Lou Nylander has over sixteen years of experience holding down influential positions, managing global marketing teams and shaping the course of some of the world’s leading digital advertising companies, including PubMatic, MediaCom, AOL/ The Huffington Post and Zenith. Five years ago, Lou founded ‘Wildflowers of London‘- Women’s Circle, a social enterprise and events business focused on empowering women in South East London, where she resides.
Why did you launch Wildflowers of London, and what were you hoping to achieve?
I set up Wildflowers of London due to some of the challenges and frustrations I faced when I was a Marketing Director within adtech. I knew that a different, more collaborative way of working could benefit many small business owners and people who wanted to approach marketing from a different vantage point.
I have over 15 years of experience holding down influential positions, managing global marketing teams and shaping the course of some of the world’s leading digital advertising companies, including PubMatic, MediaCom, AOL/ The Huffington Post and Zenith. I knew that this would be advantageous and that I just had to brave,
Before launching my consultancy in Spring 2021, I was the Global Marketing Director at Unruly and oversaw the marketing operation during its acquisition from News Corp to Tremor International. This experience ignited my interest in VC funding and investment communications. I now aim to work with clients who are raising or looking to raise funds.
I started my business in Spring 2021, three months after my father passed away from Pancreatic cancer and one year and three months after the first UK lockdown. It was difficult for me, both personally and professionally, but I made the jump and have not looked back.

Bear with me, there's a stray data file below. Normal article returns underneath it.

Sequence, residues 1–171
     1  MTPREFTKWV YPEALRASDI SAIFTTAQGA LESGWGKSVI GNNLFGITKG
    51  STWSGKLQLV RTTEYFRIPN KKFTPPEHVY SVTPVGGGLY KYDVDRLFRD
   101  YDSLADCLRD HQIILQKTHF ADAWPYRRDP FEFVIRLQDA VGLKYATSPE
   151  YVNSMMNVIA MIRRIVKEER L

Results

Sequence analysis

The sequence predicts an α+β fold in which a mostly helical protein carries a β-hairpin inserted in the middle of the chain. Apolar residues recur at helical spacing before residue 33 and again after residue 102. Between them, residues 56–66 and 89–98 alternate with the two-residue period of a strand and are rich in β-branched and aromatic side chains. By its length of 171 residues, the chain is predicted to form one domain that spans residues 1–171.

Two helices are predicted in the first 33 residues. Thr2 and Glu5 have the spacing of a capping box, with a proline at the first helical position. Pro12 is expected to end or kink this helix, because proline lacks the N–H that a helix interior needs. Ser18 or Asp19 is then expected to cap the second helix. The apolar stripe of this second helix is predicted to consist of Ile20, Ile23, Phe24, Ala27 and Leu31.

What are the biggest challenges and opportunities for women in the industry today?
Six years ago, I founded ‘Wildflowers of London- Women’s Circle, a social enterprise and events business focused on empowering women in South East London, where I reside. Interestingly, in the six years since I started the networking community, I still hear horrifying stories from members of my community being belittled or overlooked in the workplace.
I am sorry to say that the most horrific stories I hear are from women of colour. Despite the groundswell around events like the tragic death of George Floyd, being a black woman working in media often feels like a lonely place, despite the ‘token’ efforts by many organisations to implement Diversity Equity and Inclusion strategies. Unfortunately, the reality of these DEI- first companies often do not fulfil the concept despite the well-meaning or PR headline seeking intentions.
What does the industry need to do to better champion women?
Listen … listen to everybody’s stories, not just those who speak and look like you. The industry needs to invest in strategies and policies to support all women. For that to happen, there has to be an acknowledgement that intersectionality exists. I do not believe that that is the current state of affairs.
You work with companies across the digital ecosystem – what are the biggest challenges and opportunities overall for digital advertising this year?
The biggest opportunities lie outside of where I have traditionally spent most of my career. I am very interested in Influencer marketing and Digital Audio. Most of my clients are in these areas, and I love that I am learning again.
I first joined the industry as a planner buyer at Zed media in the early 2000 and loved learning about digital media. The clients I now work on provide the most exciting opportunities for marketers moving forward. Just like the banner ad did for the traditional marketers and AT&T all those years ago!
What is your most significant achievement to date?
It was starting my Women’s Circle six years ago on my own. The idea of ‘Wildflowers of London’- a women’s circle, was to break down silos and ensure a welcoming environment where ladies can get together with similar individuals.
I wanted to have a group where it did not matter if you were a mother or a professional but just where women could come together and connect and maybe learn something or acquire new skills in a relaxed and enjoyable atmosphere. So our first project was a Women’s Circle based in South-East London. Post-pandemic, this has now evolved into a community supporting women in business and is open to women all across London.